Juggling Plates – Daniel Evans

May 22, 2011

grip daniel evans grip training hand strength atomgripzTraining shouldn’t be about laziness. This is a given. We visit the gym to do one thing – move weight, yet it is suprising to see how many people are unwilling to put in the effort to prepare the bar. Some people will even go as far as avoiding a movement unless the previous person has left a convenient loaded bar in the rack – at waist height no less.

What needs to be realized is that training isn’t just about moving weight from an elevated position from a rack. The loading of the bar isn’t a burden. The loading of the bar is part of training – as is lifting the bar into position.

A plate lifted from the floor is deadlifted working the posterior chain. The pinch required to hold the plate is a grip dependant execution where fingers and forearms are worked. The entire experience of the gym is a workout.

Once the trainee comes to this realization they can begin to play with this principle making fun of what was previously seen as a tiresome chore.

If you load 10kg plates, squat down and pinch it with a single hand. Swing it to load it onto the bar with one hand to work the grip, wrist and forearms. When you miss try again.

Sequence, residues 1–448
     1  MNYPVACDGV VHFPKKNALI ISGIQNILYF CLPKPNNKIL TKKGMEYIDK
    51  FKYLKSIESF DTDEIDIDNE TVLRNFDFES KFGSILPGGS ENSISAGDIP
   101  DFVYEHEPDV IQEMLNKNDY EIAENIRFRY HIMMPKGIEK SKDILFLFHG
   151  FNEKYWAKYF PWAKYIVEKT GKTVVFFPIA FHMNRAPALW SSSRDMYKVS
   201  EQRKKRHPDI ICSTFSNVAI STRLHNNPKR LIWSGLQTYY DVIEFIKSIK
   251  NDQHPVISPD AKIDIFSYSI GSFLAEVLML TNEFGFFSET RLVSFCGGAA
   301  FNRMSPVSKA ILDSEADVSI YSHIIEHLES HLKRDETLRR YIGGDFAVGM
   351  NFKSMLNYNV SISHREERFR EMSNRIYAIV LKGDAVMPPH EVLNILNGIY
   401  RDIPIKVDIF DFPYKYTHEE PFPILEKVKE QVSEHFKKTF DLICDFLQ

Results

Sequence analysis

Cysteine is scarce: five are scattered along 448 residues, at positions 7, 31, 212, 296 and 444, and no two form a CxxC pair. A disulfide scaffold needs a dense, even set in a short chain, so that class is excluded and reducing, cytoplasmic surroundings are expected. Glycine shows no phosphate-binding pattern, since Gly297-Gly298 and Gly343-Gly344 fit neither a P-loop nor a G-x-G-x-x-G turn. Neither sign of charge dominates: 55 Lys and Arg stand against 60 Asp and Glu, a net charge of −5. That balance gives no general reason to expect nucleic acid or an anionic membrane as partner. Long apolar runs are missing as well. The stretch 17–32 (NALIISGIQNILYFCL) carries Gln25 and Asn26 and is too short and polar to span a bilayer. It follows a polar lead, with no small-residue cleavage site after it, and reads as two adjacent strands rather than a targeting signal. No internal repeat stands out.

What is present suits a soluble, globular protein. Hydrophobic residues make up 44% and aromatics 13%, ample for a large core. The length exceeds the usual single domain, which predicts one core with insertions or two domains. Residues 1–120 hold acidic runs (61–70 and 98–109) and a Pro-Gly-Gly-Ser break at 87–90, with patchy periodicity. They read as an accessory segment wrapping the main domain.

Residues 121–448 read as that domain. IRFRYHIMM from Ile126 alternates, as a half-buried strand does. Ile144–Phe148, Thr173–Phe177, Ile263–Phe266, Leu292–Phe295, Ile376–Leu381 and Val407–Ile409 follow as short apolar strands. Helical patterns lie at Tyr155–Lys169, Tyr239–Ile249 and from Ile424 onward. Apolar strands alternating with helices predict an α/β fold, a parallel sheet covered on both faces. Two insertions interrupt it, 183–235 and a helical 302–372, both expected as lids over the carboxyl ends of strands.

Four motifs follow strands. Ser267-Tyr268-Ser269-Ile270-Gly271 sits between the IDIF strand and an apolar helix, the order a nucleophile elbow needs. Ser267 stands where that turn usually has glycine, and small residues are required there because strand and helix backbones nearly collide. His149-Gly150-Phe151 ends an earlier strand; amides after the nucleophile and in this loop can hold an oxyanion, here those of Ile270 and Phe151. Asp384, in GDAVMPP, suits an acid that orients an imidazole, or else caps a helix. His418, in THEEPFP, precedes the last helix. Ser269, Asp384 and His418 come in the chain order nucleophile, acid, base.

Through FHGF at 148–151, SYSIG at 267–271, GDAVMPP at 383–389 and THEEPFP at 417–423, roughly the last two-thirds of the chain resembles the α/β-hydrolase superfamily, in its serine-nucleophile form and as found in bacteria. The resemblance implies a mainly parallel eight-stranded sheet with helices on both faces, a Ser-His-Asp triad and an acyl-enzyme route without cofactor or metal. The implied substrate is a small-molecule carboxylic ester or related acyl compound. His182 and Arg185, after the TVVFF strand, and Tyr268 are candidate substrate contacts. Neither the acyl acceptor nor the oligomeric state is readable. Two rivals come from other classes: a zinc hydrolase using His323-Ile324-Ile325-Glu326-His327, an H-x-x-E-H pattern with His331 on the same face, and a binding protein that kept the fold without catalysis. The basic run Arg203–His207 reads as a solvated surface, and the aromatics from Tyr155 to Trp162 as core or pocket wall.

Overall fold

When you adjust the catcher pin of the power rack, do it one handed and lever the pin with the wrist working it onto the rack holes to stress the wrists. Make a game of it. Try to do it on one fluid motion. Try to beat your previous weeks attempt.

Ask yourself why you should take interest in these insignificant practices. Ask yourself why you should squat down to lift that plate or bar from the floor then consider this:

Lifting a bar into position from the floor 5 times twice per week gives a grand total of 520 deadlifts per year.

The very same factor is applicable to handling plates to prepare the bar and every other movement carried out to prepare equipment.

The cumulation is huge.

Training isn’t dictated to us to the last letter. It’s up to the individual to style their training to their own requirements – to keep stimulus constant and functional. Laziness breeds laziness. Until people break out of the conventional rut and spark a light of creativity with unorthodox practices of their own all chores will remain chores!

Go juggle some plates!

Author: Daniel Evans

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